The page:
Day 13: Roll with the punches
I’m going to one more fire tomorrow morning. I got the call earlier today, and my immediate reaction after I agreed to go and hung up was fear. Firefighting always — always — disrupts my life, and it’s a big reason why I’m restarting many of my past habits. I’m not fed well there at all, so I know my weight will fluctuate again once the fire’s over. I won’t be working out as much, and depending on the fire, I may not even work all that much. I don’t want to say I won’t, but it’ll be really difficult to write not only my novel but also my blog entries. I can write in both projects with my iPhone, but that’s obviously not ideal. I’m not sure what to do. To top it off, I find out on Monday whether I got the IT job or not, and I’m afraid I won’t be within cellphone range if they do call me. What if I get the job? Do I have to walk away from the fire? What if I don’t get the job? Then the fire will be a good influx of money that I really need.
I have to be at the division by 7 AM. I haven’t even packed yet. The last fire I was on, we were allowed to go home every night. I’m thinking that the bosses will be offering this option again since the fire’s local, and the weather isn’t hot enough to cause the fire to spread any bigger than it already is. Regardless, I have to pack my bag and be ready. I love firefighting, and I’d love to hang out with my buds again. The fire could last a few days or even a week. I just hope that everything I’ve built up in the last 13 days don’t go to waste. Maybe I can keep my blog updated, but they won’t be at least 400 words long, which has been my unofficial word count since day one.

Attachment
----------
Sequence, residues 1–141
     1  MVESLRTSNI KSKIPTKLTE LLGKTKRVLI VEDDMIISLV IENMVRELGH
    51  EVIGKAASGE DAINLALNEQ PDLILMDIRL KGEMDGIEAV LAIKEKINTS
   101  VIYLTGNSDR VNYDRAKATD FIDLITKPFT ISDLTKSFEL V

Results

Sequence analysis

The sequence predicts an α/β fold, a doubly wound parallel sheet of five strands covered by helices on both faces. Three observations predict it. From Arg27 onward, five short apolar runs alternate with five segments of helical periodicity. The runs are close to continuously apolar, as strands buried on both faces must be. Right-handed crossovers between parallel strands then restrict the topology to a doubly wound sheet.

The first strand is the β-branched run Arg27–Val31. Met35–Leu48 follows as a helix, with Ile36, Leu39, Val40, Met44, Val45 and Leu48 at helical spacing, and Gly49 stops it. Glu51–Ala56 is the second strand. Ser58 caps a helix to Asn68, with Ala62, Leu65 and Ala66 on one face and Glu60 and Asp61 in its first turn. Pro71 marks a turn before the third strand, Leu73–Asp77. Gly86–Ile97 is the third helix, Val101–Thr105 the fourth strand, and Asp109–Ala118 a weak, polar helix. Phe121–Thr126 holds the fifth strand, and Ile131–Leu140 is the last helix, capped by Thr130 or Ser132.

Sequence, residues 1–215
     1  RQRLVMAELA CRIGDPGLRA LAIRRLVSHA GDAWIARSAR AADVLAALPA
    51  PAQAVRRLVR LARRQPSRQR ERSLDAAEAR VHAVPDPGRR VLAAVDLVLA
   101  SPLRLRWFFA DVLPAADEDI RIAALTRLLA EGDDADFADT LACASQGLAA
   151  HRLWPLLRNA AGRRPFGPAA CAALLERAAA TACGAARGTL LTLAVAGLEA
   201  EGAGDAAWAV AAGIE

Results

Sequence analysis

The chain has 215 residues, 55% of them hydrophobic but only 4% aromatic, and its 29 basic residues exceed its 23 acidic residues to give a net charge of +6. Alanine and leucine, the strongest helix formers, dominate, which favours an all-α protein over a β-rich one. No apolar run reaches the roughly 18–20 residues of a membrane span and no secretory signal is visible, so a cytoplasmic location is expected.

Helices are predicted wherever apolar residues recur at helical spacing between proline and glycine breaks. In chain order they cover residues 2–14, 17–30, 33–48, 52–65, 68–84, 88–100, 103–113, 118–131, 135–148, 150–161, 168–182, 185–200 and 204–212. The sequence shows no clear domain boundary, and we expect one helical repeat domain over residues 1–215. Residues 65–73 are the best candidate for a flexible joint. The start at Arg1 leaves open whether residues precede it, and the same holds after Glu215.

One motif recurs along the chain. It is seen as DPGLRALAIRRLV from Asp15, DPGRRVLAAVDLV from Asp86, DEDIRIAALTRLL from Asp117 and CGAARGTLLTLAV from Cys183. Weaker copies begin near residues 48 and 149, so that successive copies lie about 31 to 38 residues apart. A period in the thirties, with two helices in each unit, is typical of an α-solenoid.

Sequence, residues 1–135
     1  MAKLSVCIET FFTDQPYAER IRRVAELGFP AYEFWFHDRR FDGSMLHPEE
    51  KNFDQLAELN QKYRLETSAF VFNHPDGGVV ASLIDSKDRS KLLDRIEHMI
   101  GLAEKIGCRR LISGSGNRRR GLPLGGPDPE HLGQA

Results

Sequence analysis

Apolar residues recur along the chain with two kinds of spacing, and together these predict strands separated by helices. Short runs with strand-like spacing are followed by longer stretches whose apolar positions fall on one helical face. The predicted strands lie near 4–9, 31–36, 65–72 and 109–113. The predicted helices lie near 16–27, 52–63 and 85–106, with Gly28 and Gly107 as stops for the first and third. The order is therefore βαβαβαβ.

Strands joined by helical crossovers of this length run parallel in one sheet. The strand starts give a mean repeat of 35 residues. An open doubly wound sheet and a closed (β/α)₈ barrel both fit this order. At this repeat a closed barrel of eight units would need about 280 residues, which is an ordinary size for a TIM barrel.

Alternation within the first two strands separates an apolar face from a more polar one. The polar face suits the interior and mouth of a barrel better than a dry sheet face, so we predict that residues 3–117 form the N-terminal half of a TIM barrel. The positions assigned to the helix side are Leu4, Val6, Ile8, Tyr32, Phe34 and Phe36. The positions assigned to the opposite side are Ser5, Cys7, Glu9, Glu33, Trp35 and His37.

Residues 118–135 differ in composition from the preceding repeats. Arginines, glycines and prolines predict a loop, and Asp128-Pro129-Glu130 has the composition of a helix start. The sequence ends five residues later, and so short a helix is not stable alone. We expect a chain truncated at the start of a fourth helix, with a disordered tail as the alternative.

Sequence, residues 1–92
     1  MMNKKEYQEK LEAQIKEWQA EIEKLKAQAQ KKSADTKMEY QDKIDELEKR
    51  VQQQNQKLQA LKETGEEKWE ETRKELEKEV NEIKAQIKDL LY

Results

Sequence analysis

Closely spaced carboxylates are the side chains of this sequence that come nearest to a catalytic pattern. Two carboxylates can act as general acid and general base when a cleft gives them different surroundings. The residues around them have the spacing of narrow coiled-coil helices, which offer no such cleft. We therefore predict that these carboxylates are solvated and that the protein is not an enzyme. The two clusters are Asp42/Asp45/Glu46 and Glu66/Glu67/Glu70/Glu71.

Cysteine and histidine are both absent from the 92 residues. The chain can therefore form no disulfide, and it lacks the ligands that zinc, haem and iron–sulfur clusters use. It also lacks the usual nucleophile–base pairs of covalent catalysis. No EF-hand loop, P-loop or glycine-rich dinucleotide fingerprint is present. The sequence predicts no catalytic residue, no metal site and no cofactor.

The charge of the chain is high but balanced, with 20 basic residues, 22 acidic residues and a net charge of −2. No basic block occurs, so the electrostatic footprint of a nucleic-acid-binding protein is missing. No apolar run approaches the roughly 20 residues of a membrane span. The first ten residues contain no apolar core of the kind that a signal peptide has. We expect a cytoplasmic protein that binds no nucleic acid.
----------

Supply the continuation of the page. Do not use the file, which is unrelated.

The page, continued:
I have the tools to keep the most important parts of my routines going: I can write with my iPhone (and I can even bring my iPad with me, just in case); firefighting by definition is physical, so I’ll be moving around no matter what; and I can try my best to give away all the junk they give us and subsist on the healthier options, if there are any.
This is not the end of the world, man. You’ll be making money doing something you really enjoy. If you get the job, explain it to your bosses what’s going on. They know you’re a firefighter, I’m sure they’ll understand. And your habits? Just try.
I’ll try to roll with the punches and hope for the best… I’m going on another fire!